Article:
A retail business

Thinking Of Owning A Business In UK?

A retail business
Retail business. Picture from: citytour.porhomme.com

Retail Business Advice.

We’ve all thought about it, a few have tried, many have failed.
Most of us have dreamt at some time of chucking in the job to start-up our own business. And often that dream takes the form of setting up a shop. It seems as though there is a shop for everything, and a lucrative niche to suit every potential shop owner. What’s more, you can be your own boss and move out of the city to a country town. It might be hard work, but for your own ends.
According to government records, there are now more new start-ups in retail than in any other sector, and perhaps surprisingly for a nation that had long regarded shop keeping as rather an inferior profession, a quarter of those taking the plunge come from managerial or professional ranks.
But, there’s a risk that setting up shop is becoming a sort of modern – day equivalent to seeing the streets paved with gold, a lot of people who’ve never been in retail think they’ll open a little shop. It looks easy, but many people get their fingers burnt. A lot of people have lost a lot of money.
I’m not advising people to steer clear of retail or owing a shop.
Everyone has seen the remarkable successes of Body Shop and a plethora of other new shops that have taken local high streets by storm.
But, it doesn’t alter the fact that 40 per cent of business start-ups collapse within four years – and the shop is no exception.
To succeed requires a more cautionary than cavalier approach, and however much you feel there’s a market for the products you wish to sell, a clear- headed analysis is paramount:
Is the market you’ve chosen large enough to give you a living;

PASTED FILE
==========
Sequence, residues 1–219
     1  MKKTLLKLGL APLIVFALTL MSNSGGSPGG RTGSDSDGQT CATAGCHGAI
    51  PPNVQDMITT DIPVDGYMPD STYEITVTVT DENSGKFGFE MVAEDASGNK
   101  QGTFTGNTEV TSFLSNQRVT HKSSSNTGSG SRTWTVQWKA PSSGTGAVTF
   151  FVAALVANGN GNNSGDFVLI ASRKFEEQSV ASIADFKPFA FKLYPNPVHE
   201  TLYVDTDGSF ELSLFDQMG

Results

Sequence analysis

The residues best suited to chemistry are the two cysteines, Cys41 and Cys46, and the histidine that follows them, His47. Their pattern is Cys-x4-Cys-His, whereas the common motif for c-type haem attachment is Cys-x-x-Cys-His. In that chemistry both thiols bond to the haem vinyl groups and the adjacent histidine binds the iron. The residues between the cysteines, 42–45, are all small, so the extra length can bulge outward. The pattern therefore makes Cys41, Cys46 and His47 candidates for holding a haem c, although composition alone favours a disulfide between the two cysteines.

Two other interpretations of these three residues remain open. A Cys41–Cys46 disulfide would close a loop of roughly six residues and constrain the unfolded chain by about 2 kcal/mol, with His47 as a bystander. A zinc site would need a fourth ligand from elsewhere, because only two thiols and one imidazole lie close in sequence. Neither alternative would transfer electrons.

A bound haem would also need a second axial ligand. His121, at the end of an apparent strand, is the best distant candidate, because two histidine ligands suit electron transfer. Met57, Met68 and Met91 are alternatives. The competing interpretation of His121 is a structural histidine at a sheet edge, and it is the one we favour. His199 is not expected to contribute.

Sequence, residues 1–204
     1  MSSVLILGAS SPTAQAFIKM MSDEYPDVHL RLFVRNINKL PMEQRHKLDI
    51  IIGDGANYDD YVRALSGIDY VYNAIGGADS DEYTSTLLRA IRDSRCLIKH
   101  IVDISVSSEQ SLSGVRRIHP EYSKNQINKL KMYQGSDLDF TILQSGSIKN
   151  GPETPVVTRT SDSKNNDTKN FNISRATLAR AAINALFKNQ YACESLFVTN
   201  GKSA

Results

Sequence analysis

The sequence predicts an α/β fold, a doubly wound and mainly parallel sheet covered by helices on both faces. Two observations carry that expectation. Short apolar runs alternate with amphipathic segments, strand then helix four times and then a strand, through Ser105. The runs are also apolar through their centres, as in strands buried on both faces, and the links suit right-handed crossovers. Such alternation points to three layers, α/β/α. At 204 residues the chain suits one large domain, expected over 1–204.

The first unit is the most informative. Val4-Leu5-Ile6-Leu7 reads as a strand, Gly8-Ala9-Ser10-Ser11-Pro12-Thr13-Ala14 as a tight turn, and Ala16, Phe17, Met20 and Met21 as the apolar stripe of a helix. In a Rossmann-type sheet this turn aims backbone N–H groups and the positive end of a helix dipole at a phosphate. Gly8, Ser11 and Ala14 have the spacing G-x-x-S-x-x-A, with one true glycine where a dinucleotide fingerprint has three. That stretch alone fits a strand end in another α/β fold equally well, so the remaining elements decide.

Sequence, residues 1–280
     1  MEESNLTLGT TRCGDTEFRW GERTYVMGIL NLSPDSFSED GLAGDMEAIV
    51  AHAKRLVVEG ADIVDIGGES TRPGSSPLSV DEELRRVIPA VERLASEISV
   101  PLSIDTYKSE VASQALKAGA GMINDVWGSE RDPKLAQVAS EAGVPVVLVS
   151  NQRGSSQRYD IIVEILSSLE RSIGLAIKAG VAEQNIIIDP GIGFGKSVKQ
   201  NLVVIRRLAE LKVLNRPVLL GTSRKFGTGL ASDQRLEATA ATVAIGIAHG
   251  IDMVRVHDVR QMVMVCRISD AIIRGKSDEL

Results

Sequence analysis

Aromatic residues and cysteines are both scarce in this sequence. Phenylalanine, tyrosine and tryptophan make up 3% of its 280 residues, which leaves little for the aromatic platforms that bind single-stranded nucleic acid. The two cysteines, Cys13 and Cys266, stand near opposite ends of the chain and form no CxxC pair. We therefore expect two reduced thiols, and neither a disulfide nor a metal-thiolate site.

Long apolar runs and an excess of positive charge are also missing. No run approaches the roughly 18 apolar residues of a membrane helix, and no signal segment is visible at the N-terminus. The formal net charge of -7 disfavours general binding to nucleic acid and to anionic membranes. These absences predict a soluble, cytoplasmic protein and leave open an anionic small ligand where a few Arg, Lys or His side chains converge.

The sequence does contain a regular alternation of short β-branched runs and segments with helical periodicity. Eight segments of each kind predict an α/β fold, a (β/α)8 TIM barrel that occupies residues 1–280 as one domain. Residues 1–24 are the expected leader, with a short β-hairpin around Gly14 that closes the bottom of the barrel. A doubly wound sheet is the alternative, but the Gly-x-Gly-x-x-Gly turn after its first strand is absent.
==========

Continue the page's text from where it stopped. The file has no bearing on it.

• Who is the competition;
• What are the best profit margins you can achieve;
• How expensive will the right location be;
• Can you afford any staff or can you cope alone;
• Will you expand to achieve greater operating efficiency?
If you are after an easy life, forget it. The hours will be long; the weekends working.

DOS AND DON’TS
Do:

  • Think hard: why do you want to be self-employed? You must be ready to work very long hours running your own shop.
  • Take a course in financial management. Very important – VAT, PAYE, PROFIT AND LOSS ACCOUNTS, CASH FLOW, cash is the lifeblood of a business.
  • Research your market carefully. Who are your customers?  Is the market likely to change?
  • Draw up a realistic business plan; remember that profit is what you’re left with after paying for everything. Don’t forget your business rate, VAT if your sales is over £83,000 per year, minimum wage – it is criminal to pay any staff either full-time or part-time less than the minimum wage, National Insurance Employer contribution. Employer Insurance etc.,
  • Shop around to raise your cash. Interest rates vary widely.
  • Read your lease very well for rent reviews and rent increases, any buy out clause? The lease is a legal document so get the services of a competent solicitor.

Don’t:

  • Rush into it.
  • Borrow money to buy all the latest technology before you know it’ll work.
  • Sell on credits.
  • Rush into a property. Ask yourself why the other person is selling.
  • Above all prayer, prayer , prayer.

ISAAC NAMABIRI is a retired chartered banker and CEO – Helena’s Hair Care Ltd manufacturer of THE FUNMI HAIR BRAND IN UK. And CEO – Praise banquet Hotel

2 thoughts on “Thinking Of Owning A Business In UK?

  1. An excellent article Kole with sound and sensible advice for all who are contemplating going it alone.
    I’d add to this that it is essential to carefully consider the pros and cons of either taking over a going
    concern business or taking on a franchise or opting for a “cold start” venture.

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